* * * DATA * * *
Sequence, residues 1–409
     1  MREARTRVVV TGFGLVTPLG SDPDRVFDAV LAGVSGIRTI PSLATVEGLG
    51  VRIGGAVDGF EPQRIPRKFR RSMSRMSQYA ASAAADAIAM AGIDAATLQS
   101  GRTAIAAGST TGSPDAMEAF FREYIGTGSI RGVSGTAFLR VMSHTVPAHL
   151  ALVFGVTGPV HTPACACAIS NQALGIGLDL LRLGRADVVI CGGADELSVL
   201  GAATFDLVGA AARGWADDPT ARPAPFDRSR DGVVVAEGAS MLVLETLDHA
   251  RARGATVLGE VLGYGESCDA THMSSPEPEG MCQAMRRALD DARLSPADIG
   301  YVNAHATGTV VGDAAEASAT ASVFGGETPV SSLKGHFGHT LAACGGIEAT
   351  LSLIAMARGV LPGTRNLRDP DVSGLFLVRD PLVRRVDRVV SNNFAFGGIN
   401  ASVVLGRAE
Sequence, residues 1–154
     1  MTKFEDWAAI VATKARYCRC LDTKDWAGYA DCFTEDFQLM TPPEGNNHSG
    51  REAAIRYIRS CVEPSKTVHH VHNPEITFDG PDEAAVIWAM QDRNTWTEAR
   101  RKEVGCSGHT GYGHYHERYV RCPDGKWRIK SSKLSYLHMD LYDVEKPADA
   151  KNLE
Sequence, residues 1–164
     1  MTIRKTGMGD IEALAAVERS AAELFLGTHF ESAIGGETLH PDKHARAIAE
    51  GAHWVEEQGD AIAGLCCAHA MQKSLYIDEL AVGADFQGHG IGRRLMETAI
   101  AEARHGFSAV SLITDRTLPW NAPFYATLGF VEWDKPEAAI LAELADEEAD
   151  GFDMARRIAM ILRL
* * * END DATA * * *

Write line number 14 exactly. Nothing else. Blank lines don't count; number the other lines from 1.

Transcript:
   101  RKEVGCSGHT GYGHYHERYV RCPDGKWRIK SSKLSYLHMD LYDVEKPADA